I have written about every book I’ve read in the last seven of those eight years because that first year was a bit iffy. When was the last time any of us did anything for eight years? I guess school would qualify, but I got summers off with that. With the exception of a couple of unplanned hiatuses this has been going strong for EIGHT YEARS. [Don’t you love that nod to sports – I’m hip right?]
If I ever write a novel I plan to write it like a lifetime. Super slow where every day feels like an eternity and have it evolve overtime into crazy fast super hectic chapters like how fast time seems to be going.
I remember when it used to feel like it took ages to walk the less than 10 minutes to my best friends house and now 10 minutes goes by in what feels like seconds. AKA once again where in the hell did June go.
This book is what I was worried of when I found out these were categorized under clean romance and Christian fiction. It could’ve been A LOT worse, but it was just enough to start to put me off toward the end of the novel. That being said, I know there’s a HUGE market for both clean romance AND Christina fiction, so I can’t really fault it too much because it was just a little too preachy for me at some points. I’ll talk more about this later.
I’m still not sure where to categorize this for my own references. I think they’d be more accurately described as inspired by Austen rather than the traditional fan-fiction/fanfiction. Reay does a great job weaving in the stories and characters from Austen’s works but doesn’t necessarily use them as frameworks or even plot outlines. I’ll read the other’s books in her oeuvre that are Austen/Brontë connected because they’re such quick reads, but I’m not sure I’ll follow her into the future.
I picked this up at the library after reading about it on Jane’s blog greenish bookshelf, and wasn’t sure what to expect. I do occasionally like a clean romance, but let’s face it I also enjoy some pretty trashy and raunchy novels/works. I also wasn’t 100% sure where this would rank on the romance scale with it often being categorized as Christina Fiction, but I did ultimately enjoy the book. I have also complained multiple times about the books where characters jump right in to sex and living together and the whole book happens in two months. So basically, I don’t know what I want in a romance novel. But seriously though, coat it in Austen or Brontë, no matter how tenuous, and I’ll be happy!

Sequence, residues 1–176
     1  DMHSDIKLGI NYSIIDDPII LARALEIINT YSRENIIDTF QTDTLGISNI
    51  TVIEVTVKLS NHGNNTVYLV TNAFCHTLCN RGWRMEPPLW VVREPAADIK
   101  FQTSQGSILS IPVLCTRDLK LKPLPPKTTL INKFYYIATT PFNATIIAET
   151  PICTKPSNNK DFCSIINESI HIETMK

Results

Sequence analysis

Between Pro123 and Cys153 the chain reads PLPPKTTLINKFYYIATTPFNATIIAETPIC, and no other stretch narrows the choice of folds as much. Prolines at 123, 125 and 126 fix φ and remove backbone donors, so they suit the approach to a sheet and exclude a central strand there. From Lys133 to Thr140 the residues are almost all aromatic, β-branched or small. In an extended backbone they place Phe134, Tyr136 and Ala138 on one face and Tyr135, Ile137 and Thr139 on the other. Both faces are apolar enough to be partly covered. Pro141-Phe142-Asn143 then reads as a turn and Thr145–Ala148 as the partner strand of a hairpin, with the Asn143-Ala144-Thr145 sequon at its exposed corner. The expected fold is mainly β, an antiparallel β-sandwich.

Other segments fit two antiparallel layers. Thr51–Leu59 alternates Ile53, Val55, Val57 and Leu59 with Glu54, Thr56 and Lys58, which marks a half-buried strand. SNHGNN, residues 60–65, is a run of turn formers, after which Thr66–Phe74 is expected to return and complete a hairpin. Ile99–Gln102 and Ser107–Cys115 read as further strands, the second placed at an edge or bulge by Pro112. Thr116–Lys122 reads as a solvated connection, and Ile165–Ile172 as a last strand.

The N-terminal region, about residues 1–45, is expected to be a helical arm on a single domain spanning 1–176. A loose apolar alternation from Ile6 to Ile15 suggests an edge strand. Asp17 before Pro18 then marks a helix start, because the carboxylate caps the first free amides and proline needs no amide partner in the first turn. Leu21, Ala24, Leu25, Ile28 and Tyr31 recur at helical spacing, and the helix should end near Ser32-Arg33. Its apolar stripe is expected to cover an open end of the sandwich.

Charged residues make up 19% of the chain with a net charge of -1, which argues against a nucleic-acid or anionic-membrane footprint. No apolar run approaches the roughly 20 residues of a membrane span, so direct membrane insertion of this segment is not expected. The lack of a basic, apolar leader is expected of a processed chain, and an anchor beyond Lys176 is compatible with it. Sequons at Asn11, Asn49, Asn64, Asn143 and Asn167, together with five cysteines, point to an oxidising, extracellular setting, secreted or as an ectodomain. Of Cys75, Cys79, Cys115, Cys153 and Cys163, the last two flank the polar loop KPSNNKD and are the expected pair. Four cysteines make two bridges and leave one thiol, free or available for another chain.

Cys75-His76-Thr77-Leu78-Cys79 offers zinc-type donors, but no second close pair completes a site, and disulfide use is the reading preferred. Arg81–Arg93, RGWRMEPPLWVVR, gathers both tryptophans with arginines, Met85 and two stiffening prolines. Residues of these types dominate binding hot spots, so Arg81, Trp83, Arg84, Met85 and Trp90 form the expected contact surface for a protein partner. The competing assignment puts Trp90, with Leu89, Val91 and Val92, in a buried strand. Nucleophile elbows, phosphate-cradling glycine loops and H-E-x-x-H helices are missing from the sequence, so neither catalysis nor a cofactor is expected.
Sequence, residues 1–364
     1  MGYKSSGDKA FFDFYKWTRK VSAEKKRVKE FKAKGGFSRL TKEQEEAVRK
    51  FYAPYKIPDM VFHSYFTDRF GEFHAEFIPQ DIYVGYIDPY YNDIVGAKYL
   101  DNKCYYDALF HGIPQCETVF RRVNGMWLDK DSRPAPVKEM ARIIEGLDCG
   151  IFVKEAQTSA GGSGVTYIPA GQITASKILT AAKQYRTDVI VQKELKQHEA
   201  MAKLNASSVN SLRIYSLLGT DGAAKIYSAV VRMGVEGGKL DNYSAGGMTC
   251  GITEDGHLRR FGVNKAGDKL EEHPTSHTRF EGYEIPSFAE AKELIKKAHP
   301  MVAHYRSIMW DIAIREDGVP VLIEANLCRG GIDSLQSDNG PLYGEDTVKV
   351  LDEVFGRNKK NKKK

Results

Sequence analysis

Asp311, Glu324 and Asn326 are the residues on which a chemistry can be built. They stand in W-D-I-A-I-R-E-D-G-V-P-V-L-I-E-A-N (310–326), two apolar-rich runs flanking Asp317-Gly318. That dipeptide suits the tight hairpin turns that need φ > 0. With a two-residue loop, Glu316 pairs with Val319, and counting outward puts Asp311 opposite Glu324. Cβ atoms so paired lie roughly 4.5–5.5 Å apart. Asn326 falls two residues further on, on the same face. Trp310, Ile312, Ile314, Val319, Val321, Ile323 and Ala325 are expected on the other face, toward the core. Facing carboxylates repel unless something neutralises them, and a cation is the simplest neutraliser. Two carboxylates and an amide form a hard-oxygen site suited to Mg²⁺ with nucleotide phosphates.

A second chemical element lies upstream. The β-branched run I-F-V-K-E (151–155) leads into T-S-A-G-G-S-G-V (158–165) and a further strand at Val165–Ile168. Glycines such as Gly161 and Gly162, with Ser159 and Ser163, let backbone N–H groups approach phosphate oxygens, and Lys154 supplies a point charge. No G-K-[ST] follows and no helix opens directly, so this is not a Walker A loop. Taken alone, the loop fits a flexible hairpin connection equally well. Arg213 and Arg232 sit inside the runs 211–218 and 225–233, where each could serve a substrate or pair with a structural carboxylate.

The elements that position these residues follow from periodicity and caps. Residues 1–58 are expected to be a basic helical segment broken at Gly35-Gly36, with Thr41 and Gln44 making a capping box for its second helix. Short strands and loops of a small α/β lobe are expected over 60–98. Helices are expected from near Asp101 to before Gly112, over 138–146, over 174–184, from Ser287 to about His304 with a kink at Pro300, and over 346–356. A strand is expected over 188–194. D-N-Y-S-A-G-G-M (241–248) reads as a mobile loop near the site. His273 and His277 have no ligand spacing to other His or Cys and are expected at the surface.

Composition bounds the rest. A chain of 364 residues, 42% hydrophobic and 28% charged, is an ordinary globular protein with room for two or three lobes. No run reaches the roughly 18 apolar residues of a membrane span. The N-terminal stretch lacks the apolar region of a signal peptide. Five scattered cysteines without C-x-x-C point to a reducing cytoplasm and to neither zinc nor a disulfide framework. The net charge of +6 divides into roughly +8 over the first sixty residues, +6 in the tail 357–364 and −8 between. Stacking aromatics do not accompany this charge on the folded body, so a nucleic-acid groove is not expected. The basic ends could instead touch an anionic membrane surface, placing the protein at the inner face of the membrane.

It has been a crazy month in Boston! We’ve had temperatures in the mid 70s (low 20s for you C people), and then have had it snow the next day! Both of the photos to the right are from two of the warmer days.
The top photo was the day it hit nearly 75° and I went for a walk that morning. It was sad to see how gross the harbor walk was and that I couldn’t walk the whole thing.
The bottom photo is from when I went out to do a resume/cover letter workshop with the group my sister works for, it was a beautiful day and by time I left after a few hours most of the snow was gone. I’m honestly surprised I haven’t gotten sick with all of it this year!
In addition we’re getting ready for our move (less than 10 days) and so that has added additional chaos to our lives which we don’t really need, but will be so worth it once I’m sitting on one of the decks in a chair reading a book and sipping a lemonade. Continue reading “February Recap 2018”
I wasn’t sure what to expect with this one when the publisher reached out to me about a few books way back in August of last year.* Quakeland caught my eye for the very reason any of those disaster movies (Twister, The Day After Tomorrow, San Andreas, Volcano, etc.) speak out to millions of people every year. We’re fascinated by the potential destruction and yet completely disbelieving that it could happen to us. Fun fact, it can and will at some point (maybe not the Volcano story line) but according to this and a lot of scientists earthquakes could!
The book started off a little slow after a powerful forward, but picked up pace the further I got into it, which was weird because the amount of science seemed to increase and I usually fall asleep when books get too technical.
I received an unsolicited copy of this from the publisher and aside from the title making me giggle continuously (seriously it took about 200 pages before I stopped giggling), I figured everyone needs to be more “kind, compassionate, and accepting of [ourselves] so I thought I’d give it a go.* Unfortunately, it wasn’t for me.
It’s not even that the book was poorly written or that the subject matter is a bit too hokey for me it’s not. I’ve ready hokier things. I think for me it was the repetitive monotony of Kaiser’s vague references to things that she chose not to discuss (i.e. her former drug problems?). Why allude to them constantly and then not talk about them? Maybe she discusses it in another book, but for the number of times she mentioned it I kept waiting for that story and it never materialized.